We finally get down to it. We are all so civilized, socialized. Yet, I still remember one of my English professors in college telling me how even the greatest work of fiction by an author is ultimately an act of sexual conflict resolution. Would one expect photography as a means of expression to be any different? Eroticism is the play at the edges of that conflict. When I announce my art to society in terms of the erotic, I have violated its prohibition. Honesty is prohibited. The fashion advertisement with the beautiful still-life model is utilitarian, serving the marketplace as it were. Therefore, it is accepted by society. It is a lie, though. You cannot separate the work from its creator, so ultimately it is one more form of erotic representation. Everything out there is someone’s masturbation fantasy. As I come to terms with myself as an artist do I dare suggest that my fascination with certain themes is the result of being incredibly horny? Repression equals death to me. Yet, the outflow of much of my work can be said to be the result of repression. The gorgeous woman made up in front of the mirror is quite often not saying to herself “look how beautiful I am.” More likely she could be underweight and still saying “I’m fat” or “I hate my nose” and so on. The submissive bound and gagged is playing a certain game. It can be as simple as “my captor/dominant went to all this trouble, so therefore I am desired.” Desire is the intersection of all of this. Vampy red lips and nails symbolize a departure from the ‘good girl,’ the girl so immersed in her mainstream cowboy fantasy that I have no hope of attaining her. The whiskey and cigarettes are just fetishes that reinforce this departure from being good.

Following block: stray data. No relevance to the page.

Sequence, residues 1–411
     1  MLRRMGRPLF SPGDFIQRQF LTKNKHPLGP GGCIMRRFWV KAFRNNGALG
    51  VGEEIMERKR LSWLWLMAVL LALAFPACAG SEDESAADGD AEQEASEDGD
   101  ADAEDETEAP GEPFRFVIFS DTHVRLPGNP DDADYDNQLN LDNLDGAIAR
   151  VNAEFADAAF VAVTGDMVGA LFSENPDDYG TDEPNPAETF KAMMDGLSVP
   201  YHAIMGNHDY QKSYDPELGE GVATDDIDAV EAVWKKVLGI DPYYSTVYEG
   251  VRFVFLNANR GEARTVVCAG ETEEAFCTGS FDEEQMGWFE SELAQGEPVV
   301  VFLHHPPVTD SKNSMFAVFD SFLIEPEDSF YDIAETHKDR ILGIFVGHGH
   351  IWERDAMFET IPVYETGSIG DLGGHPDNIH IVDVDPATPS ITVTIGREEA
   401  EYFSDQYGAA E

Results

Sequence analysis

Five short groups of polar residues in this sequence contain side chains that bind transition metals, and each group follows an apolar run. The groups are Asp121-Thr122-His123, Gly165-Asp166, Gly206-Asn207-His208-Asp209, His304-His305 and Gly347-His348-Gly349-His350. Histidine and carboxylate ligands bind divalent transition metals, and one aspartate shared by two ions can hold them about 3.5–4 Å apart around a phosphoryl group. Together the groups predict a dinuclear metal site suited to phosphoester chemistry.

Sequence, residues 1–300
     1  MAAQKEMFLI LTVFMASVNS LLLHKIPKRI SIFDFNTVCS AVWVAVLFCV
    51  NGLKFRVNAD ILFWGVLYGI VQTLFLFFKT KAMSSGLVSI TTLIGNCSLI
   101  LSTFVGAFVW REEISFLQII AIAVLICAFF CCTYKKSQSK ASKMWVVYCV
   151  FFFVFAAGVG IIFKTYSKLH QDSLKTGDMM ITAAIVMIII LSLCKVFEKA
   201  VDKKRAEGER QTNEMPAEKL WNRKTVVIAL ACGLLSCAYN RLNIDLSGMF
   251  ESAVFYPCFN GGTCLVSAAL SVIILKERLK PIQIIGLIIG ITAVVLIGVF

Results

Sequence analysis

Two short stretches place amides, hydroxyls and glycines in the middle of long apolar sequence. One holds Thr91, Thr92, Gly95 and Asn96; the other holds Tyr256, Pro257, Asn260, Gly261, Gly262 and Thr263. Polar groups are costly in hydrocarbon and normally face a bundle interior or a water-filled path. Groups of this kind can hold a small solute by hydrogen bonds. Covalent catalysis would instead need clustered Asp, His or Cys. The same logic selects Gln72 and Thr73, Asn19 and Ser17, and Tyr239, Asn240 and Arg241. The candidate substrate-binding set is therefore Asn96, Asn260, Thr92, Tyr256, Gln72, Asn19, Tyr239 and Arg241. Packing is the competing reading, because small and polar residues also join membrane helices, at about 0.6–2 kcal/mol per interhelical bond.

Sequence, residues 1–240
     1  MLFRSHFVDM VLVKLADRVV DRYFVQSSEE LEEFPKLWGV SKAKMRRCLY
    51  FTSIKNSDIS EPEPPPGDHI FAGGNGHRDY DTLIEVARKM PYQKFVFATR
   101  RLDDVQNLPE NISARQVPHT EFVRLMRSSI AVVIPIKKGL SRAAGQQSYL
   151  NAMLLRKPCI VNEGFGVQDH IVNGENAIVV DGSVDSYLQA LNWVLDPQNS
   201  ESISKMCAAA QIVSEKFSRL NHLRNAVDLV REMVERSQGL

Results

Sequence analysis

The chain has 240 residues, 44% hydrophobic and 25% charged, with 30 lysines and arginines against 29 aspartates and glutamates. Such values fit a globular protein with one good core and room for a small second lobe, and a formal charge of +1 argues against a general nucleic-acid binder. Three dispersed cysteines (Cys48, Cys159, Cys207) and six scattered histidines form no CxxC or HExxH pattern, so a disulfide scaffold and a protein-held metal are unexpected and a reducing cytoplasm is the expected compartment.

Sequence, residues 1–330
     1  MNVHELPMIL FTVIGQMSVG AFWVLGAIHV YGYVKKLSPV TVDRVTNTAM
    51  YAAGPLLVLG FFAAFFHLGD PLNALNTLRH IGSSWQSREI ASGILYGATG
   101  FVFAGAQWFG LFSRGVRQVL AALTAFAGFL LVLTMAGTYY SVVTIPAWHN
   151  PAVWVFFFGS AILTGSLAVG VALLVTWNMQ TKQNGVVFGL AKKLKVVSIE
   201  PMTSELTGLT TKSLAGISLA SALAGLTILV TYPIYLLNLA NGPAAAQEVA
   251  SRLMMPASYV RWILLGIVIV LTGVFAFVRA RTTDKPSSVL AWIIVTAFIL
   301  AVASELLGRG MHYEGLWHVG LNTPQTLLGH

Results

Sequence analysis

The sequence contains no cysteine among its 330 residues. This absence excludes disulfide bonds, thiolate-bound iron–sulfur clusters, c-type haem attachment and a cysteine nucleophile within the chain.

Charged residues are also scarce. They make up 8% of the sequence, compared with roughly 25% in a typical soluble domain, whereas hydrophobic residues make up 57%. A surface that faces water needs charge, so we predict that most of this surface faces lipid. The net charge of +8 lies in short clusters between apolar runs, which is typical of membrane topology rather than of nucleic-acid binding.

Whether it was when I was writing prolifically or now taking photos, the action taken was always a means of intimate expression, an opportunity to resolve the conflict within me. Freud has been attributed as saying that all art is play, a return to childhood. I now see the connection. Even as children, play is a way to resolve issues. The art nude or fetish photo may not fit the norm as the idea of play though, hence the temptation for the mainstream critic to point an accusing finger and say, “That’s not art!” I’m left to say, “Maybe I’m anti-social or don’t play well with others.” Poet/critic Matthew Arnold wrote that “the personal is the burning ground of poetry.” This point of view will always be one side of the coin of the great debate about what constitutes art. The mainstream and society regard good art in the form of utility. If it sings praises to famous men or women, it is art. If it moves its audience with universal appeal, it’s art. For obvious reasons, though, it can’t be art if it addresses the inner angst of its creator. Only if this angst resonates universally can it be said to be art. We all know this is hogwash, but it is what makes society feel better about itself. Society says that you can go ahead and be depressed, but it would rather hear that you’re medicated than hear your tale of woe. Go ahead and be transgressive, but don’t verbalize or act upon it. Above all else, don’t do anything that will make us feel uncomfortable. We’ll tolerate your difference as long as we don’t have to see it.
This is where society and I part ways. If what I do makes you uncomfortable, perhaps you need to look within yourself.